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What's the deal with Consumer Driven Health Care? It just puts the burden on the consumer, taking the insurance company off the hook, right? Wrong.

There is a common, if inaccurate, misconception that Consumer Driven Health Care (CDHC) is really Consumer Dinged Health Care. The argument goes something like this:

By shifting the burden of health care decision-making from the employer and provider onto the consumer/patient, said c/p will lower his consumption of health care services, saving the employer and insurance company more money, but risking his health.


Interesting, but wrong.

First, it should be noted that – contrary to what most folks believe – employers do not pay for health insurance.

That last bears repeating: employers do not pay for health insurance.

Employers often provide access to group insurance plans. Most of us believe that we split the costs of those plans with our employers. That is not the case: employers simply shift the dollars that they would have paid us into the coffers of XYZ Mutual. This is also true, by the way, of Social Security, Medicare and other taxes that we believe our employers contribute on our behalf.

So, from the outset, we are already talking about spending our own dollars. How we choose to spend them depends, of course, on our priorities. In the typical scenario, we pay an extraordinary amount of money (in the form of premiums) for the privilege of seeing our physician once or twice a year, and having to fork over just $25. Some of us are unfortunate (or fortunate, I suppose, depending on one’s perspective) to have a large claim, and our insurance pays the lion’s share of those costs.

Usually, though, we have medicine committed upon us only a few times each year, and we gladly pay the receptionist $25, or the CVS guy $15, or the lab tech $75. What we don’t see, though, is the thousands of dollars that would have gone into our own pockets, but were instead diverted to XYZ Mutual, which is only too glad to then pay some few of those dollars to our physician (heavily discounted, of course, because we were in-network).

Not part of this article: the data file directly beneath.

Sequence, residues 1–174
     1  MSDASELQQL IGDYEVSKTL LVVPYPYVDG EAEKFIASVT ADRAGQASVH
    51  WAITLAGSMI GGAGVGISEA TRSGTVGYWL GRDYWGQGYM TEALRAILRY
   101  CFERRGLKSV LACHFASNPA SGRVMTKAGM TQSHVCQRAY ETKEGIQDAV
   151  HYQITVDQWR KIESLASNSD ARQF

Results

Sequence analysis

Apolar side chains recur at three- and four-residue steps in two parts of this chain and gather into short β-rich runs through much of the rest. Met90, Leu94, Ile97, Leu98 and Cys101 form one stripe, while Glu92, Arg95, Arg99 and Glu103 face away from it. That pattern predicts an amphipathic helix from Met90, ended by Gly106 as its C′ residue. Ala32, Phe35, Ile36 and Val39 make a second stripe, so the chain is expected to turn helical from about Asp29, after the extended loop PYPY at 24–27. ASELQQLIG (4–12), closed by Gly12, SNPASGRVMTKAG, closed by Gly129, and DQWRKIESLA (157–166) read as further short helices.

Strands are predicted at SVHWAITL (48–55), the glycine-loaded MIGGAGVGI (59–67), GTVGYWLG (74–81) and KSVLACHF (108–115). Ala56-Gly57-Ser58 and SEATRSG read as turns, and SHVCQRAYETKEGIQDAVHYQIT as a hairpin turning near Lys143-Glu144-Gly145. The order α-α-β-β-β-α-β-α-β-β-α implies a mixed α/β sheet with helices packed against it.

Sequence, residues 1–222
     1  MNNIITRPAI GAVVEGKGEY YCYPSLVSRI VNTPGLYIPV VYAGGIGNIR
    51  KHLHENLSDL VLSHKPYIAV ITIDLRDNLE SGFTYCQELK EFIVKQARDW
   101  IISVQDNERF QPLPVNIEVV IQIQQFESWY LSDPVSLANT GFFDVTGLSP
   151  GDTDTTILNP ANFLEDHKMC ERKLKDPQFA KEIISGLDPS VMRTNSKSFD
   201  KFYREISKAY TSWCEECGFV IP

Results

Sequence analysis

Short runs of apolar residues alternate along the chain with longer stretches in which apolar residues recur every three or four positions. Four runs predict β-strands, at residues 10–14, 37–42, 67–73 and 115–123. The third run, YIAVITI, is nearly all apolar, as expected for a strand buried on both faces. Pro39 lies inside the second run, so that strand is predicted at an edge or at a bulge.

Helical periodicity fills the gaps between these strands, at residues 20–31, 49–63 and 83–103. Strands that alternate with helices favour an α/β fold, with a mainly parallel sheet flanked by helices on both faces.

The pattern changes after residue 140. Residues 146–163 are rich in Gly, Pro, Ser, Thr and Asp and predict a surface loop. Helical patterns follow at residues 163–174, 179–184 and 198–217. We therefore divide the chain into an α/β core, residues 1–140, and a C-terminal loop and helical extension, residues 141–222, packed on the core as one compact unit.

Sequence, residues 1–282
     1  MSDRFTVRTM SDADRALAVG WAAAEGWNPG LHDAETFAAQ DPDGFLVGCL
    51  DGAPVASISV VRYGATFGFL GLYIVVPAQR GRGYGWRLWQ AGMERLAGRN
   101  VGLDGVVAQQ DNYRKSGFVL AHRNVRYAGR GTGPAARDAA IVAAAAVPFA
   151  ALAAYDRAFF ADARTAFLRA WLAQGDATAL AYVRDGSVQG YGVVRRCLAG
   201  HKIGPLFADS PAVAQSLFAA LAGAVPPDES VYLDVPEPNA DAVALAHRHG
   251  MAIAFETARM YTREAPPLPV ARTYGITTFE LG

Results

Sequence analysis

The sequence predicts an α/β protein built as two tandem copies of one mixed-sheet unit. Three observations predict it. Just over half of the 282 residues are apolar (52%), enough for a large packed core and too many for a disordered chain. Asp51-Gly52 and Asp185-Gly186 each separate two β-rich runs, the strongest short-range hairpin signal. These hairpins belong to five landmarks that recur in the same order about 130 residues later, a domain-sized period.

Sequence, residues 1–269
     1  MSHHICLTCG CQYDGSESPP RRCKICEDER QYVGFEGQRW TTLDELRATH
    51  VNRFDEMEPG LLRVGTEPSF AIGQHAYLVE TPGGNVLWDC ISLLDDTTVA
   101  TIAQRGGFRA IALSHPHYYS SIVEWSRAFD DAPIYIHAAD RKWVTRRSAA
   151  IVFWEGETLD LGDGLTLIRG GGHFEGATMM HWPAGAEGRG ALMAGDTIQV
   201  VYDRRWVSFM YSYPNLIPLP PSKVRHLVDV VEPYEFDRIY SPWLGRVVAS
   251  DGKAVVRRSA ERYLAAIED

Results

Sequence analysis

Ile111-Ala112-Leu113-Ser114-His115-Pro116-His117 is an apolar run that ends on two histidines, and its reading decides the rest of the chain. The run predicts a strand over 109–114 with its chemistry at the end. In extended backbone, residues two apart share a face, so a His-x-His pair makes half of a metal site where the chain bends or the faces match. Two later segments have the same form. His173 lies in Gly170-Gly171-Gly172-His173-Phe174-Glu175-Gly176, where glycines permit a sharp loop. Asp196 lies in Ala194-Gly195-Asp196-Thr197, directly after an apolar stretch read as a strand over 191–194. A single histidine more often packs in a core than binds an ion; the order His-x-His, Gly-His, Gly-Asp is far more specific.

But what if a chunk of those dollars got diverted back to us, in the form of an HSA contribution or HRA subsidy? And what if, at the end of the year, we got to keep some of that money?

That’s the idea behind CDHC. It is not some dark, sinister conspiracy to rob us of choice or good health. Rather, the idea is to help us make better informed choices.

Next week: real life with CDHC. Until then…

Be well.

Henry Stern, LUTCF is an independent insurance agent in Dayton, OH. A licensed Continuing Education instructor for Ohio and Kentucky, he has well over 20 years of experience "in the biz.”  You can read more of Henry’s work at InsureBlog.

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from InsureBlog on Sun, 06/18/2006 - 8:34am

My debut column at The Medical Blog Network is now up. The plan is for one every Sunday, so wish me luck.

Comments (1)

Submitted by Bob (not verified) on Sun, 06/18/2006 - 4:28pm.

Lately I have encountered people who do not have health insurance and are receptive to the idea of cat cover such as the HDHP. In the past when I suggested such a plan it was met with lukewarm reception at best.

Perhaps I am doing a better job of explaining the plan, or maybe I just got lucky.

What I have been doing is this. I ask them if they are paying FULL PRICE for their medical care and the answer is always "yes". Then I ask if they would like to get the SAME DISCOUNTS the carriers get AND have a known limit on major claims.

Again the answer is yes.

I price out a $2500 HDHP or sometimes higher which is always less than they have been quoted with lower deductible, copay plans. More often than not they get the big picture and now are signing on for the cover.


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